I then ripped out the electronics filled a few holes, cut away, two rear lanterns, the goofy cross trees and the shredded black sails and cut off all the overly decorative railings (thats what pirates did anyway, they'd gut captured ships to make more room for guns and easier access for boarding) I then made some new main cross trees out of dowels The main deck and hold then had to be redone with plastic card, in order to cover up the storage compartment it comes with. I also remodeled the ships figurehead, so it wasn't so busy (as in the Black Pearls).


(Remodeled as best I could, still looks goofy, and it seems a bit big, I thought the weathered sea foam green made it look about as good as it could.)

I add a small forecastle just for looks, although not having would again be more accurate..so the slight height difference just gives the deck a bit more character. The biggest edition is bits from the Pressman games, Weapons and Warriors pirate set (a great score right here, go get it). I grabbed mine off ebay years ago..its chock full of bits for all things pirates..and all my sails and the bowspirit extension come from sails of the plastic ships contained in W&W. The crows nests come from that box as well. The main sails for main mast and fore mast..were done out of green stuff by my pal Aaron. And the extra stairs and cabin extension around the main mast are Hirst Arts pieces ( molds #71 and #220) and finally we have some GW Empire bits, all from the Steam Tank kit -I was sure glad I bought some loose steam tank bits I saw when they came up, because those Griffon emblems with the banner where so perfect I had to rename the Ship after them. There are also some lanterns and and extra survey's scope I had from somewhere. Finally there a couple plastic card doors I made for the Quarter deck.


(Hirst molds 71 & 220 in action)

Painting this took quite the while much more than I envisioned, there is just a ton of paint here Now I know what 40K Imperial Guard players painting tank companies feel like. I think the paint is pretty self explanatory, the windows and free hand logo taking the longest session.The masts are still unpainted as I was going to paint them the same color anyway, I still need to do that and a bit of clean up.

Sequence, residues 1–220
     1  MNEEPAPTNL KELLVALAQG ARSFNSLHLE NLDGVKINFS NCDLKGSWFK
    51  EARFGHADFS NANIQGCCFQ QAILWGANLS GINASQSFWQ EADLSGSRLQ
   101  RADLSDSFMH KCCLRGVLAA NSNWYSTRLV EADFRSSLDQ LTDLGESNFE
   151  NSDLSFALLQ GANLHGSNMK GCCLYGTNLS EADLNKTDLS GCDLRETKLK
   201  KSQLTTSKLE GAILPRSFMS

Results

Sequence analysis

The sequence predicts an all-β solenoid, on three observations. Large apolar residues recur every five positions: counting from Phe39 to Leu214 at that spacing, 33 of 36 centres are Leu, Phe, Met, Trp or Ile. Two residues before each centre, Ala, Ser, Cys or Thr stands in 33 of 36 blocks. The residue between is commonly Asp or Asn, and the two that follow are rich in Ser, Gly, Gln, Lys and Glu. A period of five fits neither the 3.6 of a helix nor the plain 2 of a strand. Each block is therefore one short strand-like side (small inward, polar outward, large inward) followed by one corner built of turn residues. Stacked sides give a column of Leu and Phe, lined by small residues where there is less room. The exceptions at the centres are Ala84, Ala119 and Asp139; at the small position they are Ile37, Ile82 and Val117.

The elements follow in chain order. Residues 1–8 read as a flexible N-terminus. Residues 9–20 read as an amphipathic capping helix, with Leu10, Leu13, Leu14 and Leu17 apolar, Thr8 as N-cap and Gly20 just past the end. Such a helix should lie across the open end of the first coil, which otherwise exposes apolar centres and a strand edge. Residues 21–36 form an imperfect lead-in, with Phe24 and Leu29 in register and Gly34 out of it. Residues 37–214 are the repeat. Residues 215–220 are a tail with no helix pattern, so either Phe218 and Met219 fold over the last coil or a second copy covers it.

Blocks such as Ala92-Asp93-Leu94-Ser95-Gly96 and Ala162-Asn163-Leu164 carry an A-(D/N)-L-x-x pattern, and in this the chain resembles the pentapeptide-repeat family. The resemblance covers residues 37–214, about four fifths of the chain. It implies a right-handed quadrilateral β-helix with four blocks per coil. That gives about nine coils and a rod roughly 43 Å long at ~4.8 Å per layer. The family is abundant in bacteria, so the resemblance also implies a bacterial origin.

(Lazy Susan from Ikea, $7..thats a score..its very handy.)

If this isn't enough Pirate Ship for you, the real top notch toy conversions I have seen are done from the Mega Blocks toy line. OOP at the moment they are getting pricey on Ebay right now from collectors and wargamer/modelers that are catching on. I grabbed two of these NIB. both at around the $70 USD price point, used and incomplete going for around $20-30.00 Both of these will be large ships on the level of the Old Glory Pirate Hunter. I have another Galleon, and large Schooner. When these get done who knows but I am on a serious Pirate fix, and working on nothing else other then some practice WFB thru Adepticon.

6 comments:

noeste said...

Ahaarrh me hearties!
Looking good, looking very good! I don't think I'd ever be able to complete such a large model myself... And you're going to do two more! Impressive!

Thank you for sharing

ZeroTwentythree said...

What a great project! Looks beautiful.

Grajo said...

¡¡Very nice!!

I love to found this kind of posts in the web (well, you are in my blogroll, but... you know what I mean)

xenite said...

It really did come out well. I commented on how much I liked the way you painted the name, and windows last time we hung out. I'm not sure I have much use for a pirate ship, but now I kind of want to make one.

Keith said...

A fantastic job converting that plastic toy into a wonderful model for the table top. Great job!

ali naqvi said...

Its great work....thanks for sharing..!!!!! Plastic card